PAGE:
The Beatles' PR manager behind term 'The Fab Four' dies

Tony Barrow
Image caption Tony Barrow managed publicity for The Beatles between 1962 and 1968

The Beatles' former press officer, who coined the term 'The Fab Four' to describe the band, has died.

Tony Barrow represented the band between 1962 and 1968 and also wrote sleeve notes for their early albums, as well as the strip cartoon for the Magical Mystery Tour booklet.

Mr Barrow died on Saturday night, aged 80, at his home in Morecambe.

He had also represented other Merseybeat acts such as Gerry and the Pacemakers and Cilla Black.

Born in Crosby in 1936, Mr Barrow was poached from the Decca record group in 1962 by The Beatles' manager Brian Epstein.

Beatles expert Spencer Leigh said he was an unassuming cog in the band's success and had the "unusual" task for a press officer of reining in the publicity they received.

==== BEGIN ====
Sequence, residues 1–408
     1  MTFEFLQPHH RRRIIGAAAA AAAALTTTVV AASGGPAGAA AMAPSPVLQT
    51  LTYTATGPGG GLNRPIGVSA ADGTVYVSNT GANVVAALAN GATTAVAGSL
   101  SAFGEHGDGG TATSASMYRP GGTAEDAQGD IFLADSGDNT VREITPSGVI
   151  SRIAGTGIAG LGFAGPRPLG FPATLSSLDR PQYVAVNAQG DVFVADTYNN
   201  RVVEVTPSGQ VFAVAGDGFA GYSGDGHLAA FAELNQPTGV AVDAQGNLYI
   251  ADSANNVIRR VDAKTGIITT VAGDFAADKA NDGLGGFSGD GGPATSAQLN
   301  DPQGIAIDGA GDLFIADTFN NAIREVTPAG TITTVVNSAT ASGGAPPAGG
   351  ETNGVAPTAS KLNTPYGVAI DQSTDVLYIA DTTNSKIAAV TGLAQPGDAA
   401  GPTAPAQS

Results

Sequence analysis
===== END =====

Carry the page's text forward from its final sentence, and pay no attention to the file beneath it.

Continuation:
Image copyright Getty Images
Image caption Barrow was press officer for The Beatles when they first achieved worldwide fame

"The majority of press officers are trying to get publicity for their performers but The Beatles had so much publicity that he was trying to draw it back at times."

"He had to be with Brian Epstein, who was a very temperamental manager - Tony told me that he'd been sacked at least a dozen times by Epstein, but he always took him back the next day", he said.

Mr Barrow was with the band when they met Elvis Presley for the first and only time, at his Beverly Hills mansion on 27 August 1965.

He said they were "initially put off by the fact that the press might be involved" but ended up jamming with the King of Rock 'n' Roll.

Mr Barrow went on to set up his own PR company, representing Wings and managing Lyn Paul of the New Seekers and Helen Shapiro, before retiring in 1980.

He is survived by his widow, Corinne, and his two sons.

Image caption Like The Beatles, Barrow grew up in Merseyside

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